How do we know what we know? Why do we believe? How do we know what we know? Why do we believe? Piaget to King & Kitchener.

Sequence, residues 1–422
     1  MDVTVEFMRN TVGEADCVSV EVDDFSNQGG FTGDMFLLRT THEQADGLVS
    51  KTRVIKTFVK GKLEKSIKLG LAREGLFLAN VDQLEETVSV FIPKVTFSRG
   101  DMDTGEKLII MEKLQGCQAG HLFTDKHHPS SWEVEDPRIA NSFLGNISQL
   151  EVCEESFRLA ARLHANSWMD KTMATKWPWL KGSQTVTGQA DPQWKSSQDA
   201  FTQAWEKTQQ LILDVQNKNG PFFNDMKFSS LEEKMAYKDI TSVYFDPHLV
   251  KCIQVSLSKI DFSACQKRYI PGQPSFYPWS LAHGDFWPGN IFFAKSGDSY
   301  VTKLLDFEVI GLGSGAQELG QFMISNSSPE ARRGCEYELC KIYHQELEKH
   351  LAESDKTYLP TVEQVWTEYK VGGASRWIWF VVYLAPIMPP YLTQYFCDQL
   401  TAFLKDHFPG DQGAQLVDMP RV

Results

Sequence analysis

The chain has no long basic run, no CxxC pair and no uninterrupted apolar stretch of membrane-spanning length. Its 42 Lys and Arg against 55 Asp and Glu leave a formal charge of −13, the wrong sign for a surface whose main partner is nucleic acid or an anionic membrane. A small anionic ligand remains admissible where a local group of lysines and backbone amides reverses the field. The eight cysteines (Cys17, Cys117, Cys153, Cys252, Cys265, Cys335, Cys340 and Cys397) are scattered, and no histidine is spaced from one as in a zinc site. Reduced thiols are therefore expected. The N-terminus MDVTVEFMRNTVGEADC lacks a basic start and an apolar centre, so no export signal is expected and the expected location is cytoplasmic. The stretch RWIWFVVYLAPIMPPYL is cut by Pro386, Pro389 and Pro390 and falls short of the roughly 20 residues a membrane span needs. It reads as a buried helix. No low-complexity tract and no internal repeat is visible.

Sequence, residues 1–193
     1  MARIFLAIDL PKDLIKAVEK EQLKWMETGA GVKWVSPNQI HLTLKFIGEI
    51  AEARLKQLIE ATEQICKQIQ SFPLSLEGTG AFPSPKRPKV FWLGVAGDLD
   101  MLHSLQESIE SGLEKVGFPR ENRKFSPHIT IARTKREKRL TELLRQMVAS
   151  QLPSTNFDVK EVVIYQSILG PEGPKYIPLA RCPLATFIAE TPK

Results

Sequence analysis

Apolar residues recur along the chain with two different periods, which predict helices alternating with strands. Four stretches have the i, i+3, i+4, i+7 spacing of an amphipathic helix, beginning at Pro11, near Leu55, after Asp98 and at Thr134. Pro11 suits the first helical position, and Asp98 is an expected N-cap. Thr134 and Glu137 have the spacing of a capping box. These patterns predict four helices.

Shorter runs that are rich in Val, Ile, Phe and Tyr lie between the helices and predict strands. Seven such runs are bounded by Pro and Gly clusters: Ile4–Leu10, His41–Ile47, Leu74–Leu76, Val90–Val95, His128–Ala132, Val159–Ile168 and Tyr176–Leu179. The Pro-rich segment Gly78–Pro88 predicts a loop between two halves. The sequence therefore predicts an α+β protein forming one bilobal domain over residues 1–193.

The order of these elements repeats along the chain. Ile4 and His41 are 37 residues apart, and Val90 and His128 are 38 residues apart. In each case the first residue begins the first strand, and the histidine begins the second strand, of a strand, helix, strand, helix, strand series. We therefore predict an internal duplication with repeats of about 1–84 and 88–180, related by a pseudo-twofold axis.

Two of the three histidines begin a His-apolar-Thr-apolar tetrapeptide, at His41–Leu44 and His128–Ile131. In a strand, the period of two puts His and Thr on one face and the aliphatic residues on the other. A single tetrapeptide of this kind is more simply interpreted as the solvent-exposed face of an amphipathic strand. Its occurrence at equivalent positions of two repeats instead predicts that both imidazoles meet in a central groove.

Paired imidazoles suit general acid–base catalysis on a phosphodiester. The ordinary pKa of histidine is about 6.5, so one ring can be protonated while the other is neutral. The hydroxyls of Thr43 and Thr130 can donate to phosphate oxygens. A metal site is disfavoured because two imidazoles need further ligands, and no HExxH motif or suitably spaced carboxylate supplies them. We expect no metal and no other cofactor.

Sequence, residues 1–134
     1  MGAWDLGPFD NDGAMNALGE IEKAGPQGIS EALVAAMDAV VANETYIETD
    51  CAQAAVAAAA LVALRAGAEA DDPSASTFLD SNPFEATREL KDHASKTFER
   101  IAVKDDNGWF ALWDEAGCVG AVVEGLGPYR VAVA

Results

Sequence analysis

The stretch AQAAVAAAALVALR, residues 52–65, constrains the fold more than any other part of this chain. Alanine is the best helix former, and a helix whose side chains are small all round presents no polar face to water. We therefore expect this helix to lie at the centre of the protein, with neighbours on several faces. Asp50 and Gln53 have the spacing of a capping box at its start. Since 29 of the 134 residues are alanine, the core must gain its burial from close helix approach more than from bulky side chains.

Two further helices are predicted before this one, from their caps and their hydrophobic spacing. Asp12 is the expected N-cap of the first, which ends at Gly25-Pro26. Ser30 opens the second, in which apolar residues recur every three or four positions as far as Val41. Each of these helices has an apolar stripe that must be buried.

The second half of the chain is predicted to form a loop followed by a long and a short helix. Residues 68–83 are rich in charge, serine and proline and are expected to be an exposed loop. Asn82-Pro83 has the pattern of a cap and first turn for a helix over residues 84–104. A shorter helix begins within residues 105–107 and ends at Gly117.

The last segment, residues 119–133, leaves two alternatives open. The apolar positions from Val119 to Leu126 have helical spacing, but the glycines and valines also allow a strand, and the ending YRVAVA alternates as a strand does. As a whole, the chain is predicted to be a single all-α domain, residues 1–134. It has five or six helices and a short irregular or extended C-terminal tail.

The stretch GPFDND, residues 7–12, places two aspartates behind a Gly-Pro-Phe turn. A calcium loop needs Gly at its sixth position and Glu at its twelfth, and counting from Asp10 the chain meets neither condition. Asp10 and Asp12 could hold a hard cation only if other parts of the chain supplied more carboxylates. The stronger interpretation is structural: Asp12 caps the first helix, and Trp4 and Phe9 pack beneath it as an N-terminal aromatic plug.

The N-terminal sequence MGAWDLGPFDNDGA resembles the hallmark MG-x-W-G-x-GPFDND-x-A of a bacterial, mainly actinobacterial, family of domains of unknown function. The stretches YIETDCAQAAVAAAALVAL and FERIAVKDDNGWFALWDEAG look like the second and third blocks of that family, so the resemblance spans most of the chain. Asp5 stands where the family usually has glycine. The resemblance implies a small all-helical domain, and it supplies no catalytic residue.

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<ul><li><p>Piaget to King &amp; KitchenerHow do we know what we know?Why do we believe?</p></li><li><p>Piagets stages of DevelopmentAssimilation is what you do when you fit new information into your present knowledge and beliefs (schemas)Accommodation is the modification of existing schema in response to new knowledge or experience..Equilibration - the term for the process of maintaining balance between our environment and the mental structures we use to represent that environment.</p><p>StageMajor AccomplishmentsSensorimotor (0-2)Object permanenceBeginning of capacity to use mental images and symbolsPreoperational (2-7)Accelerated use of symbols and languageConcrete operations (7-12)Understanding of conservationUnderstanding of identityUnderstanding of serial orderingFormal operations (12-)Abstract reasoningAbility to compare and classify ideas.</p></li><li><p>Criticisms of PiagetThe changes from one stage to another are neither as clear cut nor as sweeping as Piaget implied.Children can understand far more than Piaget gave them credit for.Preschoolers are not as egocentric as Piaget thought.</p></li><li><p>Beyond PiagetPiagets theory ends at 12+ years of age. Piagets theory fails to address higher order thinking skills.King, K.M. and Kitchener, K.S. (1994) . Developing Reflective Judgment: Understanding and Promoting Intellectual Growth and Critical Thinking in Adolescents and Adults Pre-Reflective Thinking </p></li><li><p>Stages of Pre-Reflective ThinkingStage 1 Knowledge is assumed to exist absolutely and concretely; it is not understood as an abstraction. It can be obtained with certainty by direct observation. "I know what I have seen." Stage 2 Knowledge is assumed to be absolutely certain or certain but not immediately available. Knowledge can be obtained directly through the senses (as in direct observation) or via authority figures. "If it is on the news, it has to be true." Stage 3 Knowledge is assumed to be absolutely certain or temporarily uncertain. In areas of temporary uncertainty, only personal beliefs can be known until absolute knowledge is obtained. In areas of absolute certainty, knowledge is obtained from authorities. "When there is evidence that people can give to convince everybody one way or another, then it will be knowledge, until then, it's just a guess." </p></li><li><p>Quasi-Reflective ThinkingStage 4 Knowledge is uncertain and knowledge claims are idiosyncratic to the individual since situational variables (such as incorrect reporting of data, data lost over time, or disparities in access to information) dictate that knowing always involves an element of ambiguity. "I'd be more inclined to believe evolution if they had proof .It's just like the pyramids: I don't think we'll ever know. Who are you going to ask? No one was there." Stage 5 Knowledge is contextual and subjective since it is filtered through a person's perceptions and criteria for judgment. Only interpretations of evidence, events, or issues may be known. "People think differently and so they attack the problem differently. Other theories could be as true as my own, but based on different evidence." </p></li><li><p>Reflexive ThinkingStage 6 Knowledge is constructed into individual conclusions about ill-structured problems on the basis of information from a variety of sources. Interpretations that are based on evaluations of evidence across contexts and on the evaluated opinions of reputable others can be known."It's very difficult in this life to be sure. There are degrees of sureness. You come to a point at which you are sure enough for a personal stance on the issue."Stage 7 Knowledge is the outcome of a process of reasonable inquiry in which solutions to ill-structured problems are constructed. The adequacy of those solutions is evaluated in terms of what is most reasonable or probable according to the current evidence, and it is reevaluated when relevant new evidence, perspectives, or tools of inquiry become available. "One can judge an argument by how well thought-out the positions are, what kinds of reasoning and evidence are used to support it, and how consistent the way one argues on this topic is as compared with other topics." </p></li><li><p>Self-EfficacyIn order for either Piagets theory or Kings theory to apply there needs to be a level of self-efficacy.Sources of Self-Efficacy:Mastery ExperiencesVicarious experiencesSocial Persuasion (the most difficlult and least effective)</p></li><li><p>Efficacy-Activated ProcessesThere are four major psychological processes through which self-beliefs affect functioning.Cognitive Processes - thought and forethought.Motivational Processes - attribution theorycausal - attribution theoryoutcome expectancies - expectancy-value theorycognized goals - goal theory</p></li><li><p>Efficacy-Activated ProcessesAffective Processes - processes regulating emotional states and eliciting emotional reactions.</p><p>Selection Processes - the types of activities we choose are influenced by our personal sense of efficacy.</p></li><li><p>Attribution TheoryAttributions - inferences we make about the causes of behavior.</p><p>StabilityLocusControlThe causes of outcomes are stable (fixed across situations and over time) or unstable (variable over situations and over time)The causes of outcomes are internal (due to the individual) or external (due to forces outside the individual)The causes of outcomes are controllable (within the individuals control) or uncontrollable (beyond the individuals control)</p></li><li><p>Attribution TheoryAssumptions: 1. Individuals are motivated by a goal of understanding and mastering the environment and themselves.2. Individuals try to understand the causal determinants of their own behavior as well as the behavior of others.Pages 193-195 Glassman</p><p>LocusInternalExternalControllableUncontrollableControllableUncontrollableStableLong-Term Effort/Self-handicappingAbility/AptitudeTeacher bias/FavoritismDifficulty of task, activity, or courseUnstableSkills/Knowledge/Situational EffortHealth/MoodReceiving helpLuck/Chance</p></li><li><p>Typical AttributionsThese are typical academic attributions.AttributionLocus, Stability, Control</p><p>Aptitude/ AbilityI got a good grade because Im smart.I failed because Im dumb.stable, internal, uncontrollableLong Term EffortI got a good grade because I always work hard.I failed because I never try.stable, internal, controllableSituational EffortI got an A because I worked hard on the project.I failed because I didnt try this time.unstable, internal, controllableLuckI got a good grade because I was lucky.I failed because I had bad luck.unstable, external, uncontrollableMoodI got a good grade because I felt great that day.I failed because I had a bad day.unstable, internal, uncontrollableTask DifficultyI got a good grade because the exam was easy.I failed because it was hard.unstable, external, uncontrollableTeacher biasI got a good grade because the teacher likes me.I failed because Mr. Young hates me.stable, external, controllableHelp from othersI got a good grade because someone helped me.I failed because no one would help me.unstable, external, controllable</p></li><li><p>Attribution ErrorsStudies by Miller 1984, Weisz et al. 1984 indicate there is a cultural difference its not a trait common to all.</p><p>AttributionStudent PerspectiveTeacher PerspectiveFundamental Attribution Error.Attributing the behavior of others to a trait.Student perceives teacher behavior as function of disposition.Mr. Young is always mean.Mr. Jones is prejudiced.Teacher perceives student behavior as function of disposition.Petula is lazy. She never works.Susan has no aptitude for science..Self-serving biasAccepting personal responsibility for success; denying responsibility for failure.Student perceives success is due to behavior; failure is due to other factors.I am doing well in Math because I am good at it, I am failing English because Mrs. Whomever is impossible to understand. Teacher perceives their success is due to their behavior but failure is other factors.I worked hard and really put together a great unit on photosynthesis, but theres just no way to motivate most of those kids.</p></li><li><p>Expectancy-Value TheoryBehavior is a function of the expectancies a person has the value of the goal one is working toward.</p><p>When more than one behavior is possible the behavior chosen will be the one with the largest combination of expected success and value.B = f(E V)Social behaviors, achievement motivation and work motivation.</p></li><li><p>Goal TheoryGoal theory is an extension of attribution theory. Students pursue goals and those goals are associated with certain behaviors and beliefs.Mastery oriented students want to increase their knowledge and competence. They are intrinsically motivated.Performance motivated students believe ability is the cause of success. Intelligence is viewed as a fixed trait. They use fewer strategies and attribute success to uncontrollable factors.</p><p>Stage 1 - The Sensorimotor Stage - The infant learns through concrete actions: looking, touching, hearing, putting things in the mouth sucking grasping etc. The major accomplishment for this stage is object permanence</p><p>Stage 2 - The Pre-Operational Stage - the use of symbols and language increases. A 2 year old is able to pretend. According to Piaget although children can think they cannot reason and cannot understand abstract principles or cause and effect. The missing abilities are operations by which he meant reversible actions the child performs in the mind. Piaget also thought (mistakenly) that children in the pre-operational stage are unable to take another persons point of view. He felt their thinking was egocentric. Pre-operational children cannot grasp the concept of conservation. </p><p>Stage 3 - The Concrete Operations Stage (7-12) - Childrens thinking is still grounded in concrete experiences an concepts, rather then in abstractions or logical deductions. The nature and quality of their thought processes change significantly. They begin to understand conservation, reversibility and cause and effect.They learn mental operations (addition, subtractions etc) and they learn to categorize things (oaks are trees)</p><p>Stage 4 - The Formal Operations Stage (Age 12 +) Teenagers become capable of abstract reasoning. They understand that ideas can be compared and classified, just as objects can. 1. Cognitive abilities develop in overlapping waves rather then discrete steps. At any stage a child may use several strategies to solve a problem. The childs reasoning ability depends on circumstances.</p><p>2. Taking advantage of the fact that infants look longer at novel or surprising events than familiar ones,psychologists have been able to test what babies know. Babies as young as 21/2 to 31/2 months are aware that objects continue to exist even when masked by other objects. Reasoning ability advances much faster than Piaget thought. At 21/2 to 3 years children can reason out that a miniture of a room resembles the actual room.</p><p>3. Most 3 and 4-year olds can take another persons perspective. When a 4 year old plays with a 2 year old he or she adjusts behavior to accommodate the younger persons limits. This shift in perspective-taking is part of a broader change in how the child understands appearance and reality. 2 and 3 year olds have difficulty with judge by appearance - if you put a dog mask on a cat they will call the cat a dog. By 5 years of age they knowit is still a cat. They are developing a theory of mind - which is a system of beliefs about how their own and other peoples minds work and how others are affected by their beliefs.</p><p>Continuity versus Discontinuity - the argument that development occurs in specific stages or as a continual process. Piaget believed it occurred in specific stages.</p><p>Domain-general model - a theory which attempts to account for many aspects of behavior in terms of a single set of principles.</p><p>Domain-specific model - a theory which focuses on only a single aspect of behavior and believes that other aspects of cognitive behavior require other theoretical positions.</p><p>Pre-Reflective Thinking (Stages 1, 2, and 3) </p><p>Stage I </p><p>View of knowledge :Knowledge is assumed to exist absolutely and concretely; it is not understood as an abstraction. It can be obtained with certainty by direct observation. Concept of justification: Beliefs need no justification since there is assumed to be an absolute correspondence between what is believed to be true and what is true. Alternate beliefs are not perceived. </p><p>"I know what I have seen." </p><p>Stage 2 </p><p>View of knowledge: Knowledge is assumed to be absolutely certain or certain but not immediately available. Knowledge can be obtained directly through the senses (as in direct observation) or via authority figures. Concept of justification: Beliefs are unexamined and unjustified or justified by their correspondence with the beliefs of an authority figure (such as a teacher or parent). Most issues are assumed to have a right answer, so there is little or no conflict in making decisions about disputed issues. </p><p>"If it is on the news, it has to be true." </p><p>Stage 3 </p><p>View of knowledge: Knowledge is assumed to be absolutely certain or temporarily uncertain. In areas of temporary uncertainty, only personal beliefs can be known until absolute knowledge is obtained. In areas of absolute certainty, knowledge is obtained from authorities. Concept of justification: In areas in which certain answers exist, beliefs are justified by reference to authorities' views. In areas in which answers do not exist, beliefs are defended as personal opinion since the link between evidence and beliefs is unclear. </p><p>"When there is evidence that people can give to convince everybody one way or another, then it will be knowledge, until then, it's just a guess." </p><p>Quasi-Reflective Thinking (Stages 4 and 5) </p><p>Stage 4 </p><p>View of knowledge: Knowledge is uncertain and knowledge claims are idiosyncratic to the individual since situational variables (such as incorrect reporting of data, data lost over time, or disparities in access to information) dictate that knowing always involves an element of ambiguity. Concept of justification: Beliefs are justified by giving reasons and using evidence, but the arguments and choice of evidence are idiosyncratic (for example, choosing evidence that fits an established belief). </p><p>"I'd be more inclined to believe evolution if they had proof .It's just like the pyramids: I don't think we'll ever know. Who are you going to ask? No one was there." </p><p>Stage 5 </p><p>View of knowledge: Knowledge is contextual and subjective since it is filtered through a person's perceptions and criteria for judgment. Only interpretations of evidence, events, or issues may be known. Concept of Justification: Beliefs are justified within a particular context by means of the rules of inquiry for that context and by context-specific interpretations of evidence. Specific beliefs are assumed to be context specific or are balanced against other interpretations, which complicates (and sometimes delays) conclusions. </p><p>"People think differently and so they attack the problem differently. Other theories could be as true as my own, but based on different...</p></li></ul>